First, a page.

Higher Education Institutions and Digital Identity: New Needs, New Skills?

Higher Education Institutions and Digital Identity: New Needs, New Skills?

Mónica Aresta (Universidade de Aveiro, Portugal), Carlos Santos (Universidade de Aveiro, Portugal), Luís Pedro (Universidade de Aveiro, Portugal) and António Moreira (Universidade de Aveiro, Portugal)
Copyright: © 2013 |Pages: 16
DOI: 10.4018/978-1-4666-1915-9.ch013

Abstract

This chapter addresses the concepts of social software, digital identity, learning, and education and how they feed into SAPO Campus, an institutionally supported Personal Learning Environment that provides its users with a high level of freedom in the use of Web 2.0 services. Depicted as a social media platform for Higher Education, the SAPO Campus project is described in its various facets, services, and relationships with other entities, making a case for user-generated content production and aggregation for use in Higher Education. It also debates the ever increasing demand for the inception of institutional tools that are especially designed to support the construction of the digital identities of its members, letting go of the stubborn molding features offered centrally – disregarding its user’s presence in communities and/or services that are outside its influence – but that still are at the core of each and every academia member’s digital life.
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Some Thoughts And Concerns

About Social Software

With the development of Web 2.0 tools, the Internet became a platform where content, rather than being transmitted and consumed, is created, shared and processed (Downes, 2005). This (r)evolution brought deep changes in the way individuals learn, share, communicate with each other and construct their own knowledge (Downes, 2005; Siemens, 2008; Greenhow et al, 2009).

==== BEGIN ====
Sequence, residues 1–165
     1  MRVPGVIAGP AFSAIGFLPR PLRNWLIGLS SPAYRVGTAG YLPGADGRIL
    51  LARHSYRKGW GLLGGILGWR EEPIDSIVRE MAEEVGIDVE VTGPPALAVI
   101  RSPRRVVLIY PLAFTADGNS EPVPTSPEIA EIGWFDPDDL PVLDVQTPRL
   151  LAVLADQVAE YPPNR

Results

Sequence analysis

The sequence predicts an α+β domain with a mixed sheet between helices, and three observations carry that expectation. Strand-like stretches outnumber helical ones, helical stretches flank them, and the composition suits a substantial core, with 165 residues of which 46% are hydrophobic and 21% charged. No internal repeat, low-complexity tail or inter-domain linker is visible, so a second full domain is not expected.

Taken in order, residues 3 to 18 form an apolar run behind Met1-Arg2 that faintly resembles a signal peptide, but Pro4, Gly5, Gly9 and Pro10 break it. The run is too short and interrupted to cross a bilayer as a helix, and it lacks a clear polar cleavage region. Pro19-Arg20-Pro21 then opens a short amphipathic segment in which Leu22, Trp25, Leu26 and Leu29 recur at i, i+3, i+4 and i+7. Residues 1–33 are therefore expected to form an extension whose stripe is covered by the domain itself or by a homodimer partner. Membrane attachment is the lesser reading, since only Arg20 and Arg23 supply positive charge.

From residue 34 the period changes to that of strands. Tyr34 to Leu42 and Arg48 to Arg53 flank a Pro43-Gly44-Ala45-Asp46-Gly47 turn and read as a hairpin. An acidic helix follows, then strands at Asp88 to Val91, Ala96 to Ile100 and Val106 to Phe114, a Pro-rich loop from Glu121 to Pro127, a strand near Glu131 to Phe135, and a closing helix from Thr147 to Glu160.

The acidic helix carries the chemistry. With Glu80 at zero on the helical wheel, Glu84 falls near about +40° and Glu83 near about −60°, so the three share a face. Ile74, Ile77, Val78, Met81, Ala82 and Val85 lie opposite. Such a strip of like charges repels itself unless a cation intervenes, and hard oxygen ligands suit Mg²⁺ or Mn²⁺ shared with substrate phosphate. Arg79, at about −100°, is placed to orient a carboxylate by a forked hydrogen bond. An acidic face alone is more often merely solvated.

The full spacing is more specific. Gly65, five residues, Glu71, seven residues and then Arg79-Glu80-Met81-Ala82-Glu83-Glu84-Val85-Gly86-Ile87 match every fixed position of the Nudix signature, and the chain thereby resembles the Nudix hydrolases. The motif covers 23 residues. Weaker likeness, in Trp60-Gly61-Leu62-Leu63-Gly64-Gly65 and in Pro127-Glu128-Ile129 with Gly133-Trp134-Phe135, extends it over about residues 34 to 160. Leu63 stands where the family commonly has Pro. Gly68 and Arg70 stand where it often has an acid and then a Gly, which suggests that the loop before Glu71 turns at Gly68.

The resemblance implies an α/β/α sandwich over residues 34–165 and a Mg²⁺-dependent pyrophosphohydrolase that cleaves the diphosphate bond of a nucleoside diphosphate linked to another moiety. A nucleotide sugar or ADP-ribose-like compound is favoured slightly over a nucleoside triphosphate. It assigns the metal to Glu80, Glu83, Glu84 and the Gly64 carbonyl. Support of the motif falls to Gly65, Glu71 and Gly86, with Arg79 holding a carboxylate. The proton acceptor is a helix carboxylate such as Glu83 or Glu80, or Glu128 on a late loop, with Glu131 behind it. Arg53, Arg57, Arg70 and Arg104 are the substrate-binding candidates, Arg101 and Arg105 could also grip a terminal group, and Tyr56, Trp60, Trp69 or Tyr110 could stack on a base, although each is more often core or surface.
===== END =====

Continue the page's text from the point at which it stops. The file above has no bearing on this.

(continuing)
By fostering the establishment of connections between individuals, the new participatory Web emphasizes the users contribution in creating and organizing information, an approach visible in the exchange of ideas, learning with and through peers and in the collaborative creation of new knowledge (Chatti et al, 2007).

In a context where social software tools reshape the traditional model of knowledge creation and transmission, the Web provides a space that allows learning and online presence to arch over many spaces, no longer limited and defined by institutions (Warburton, 2008; Santos, 2009).

The Web can then be seen as both a setting and a support for both formal and informal learning. Learners take responsibility for their own learning and information and knowledge appear as personal and distributed processes created trough social interaction (Tredinnick, 2006).

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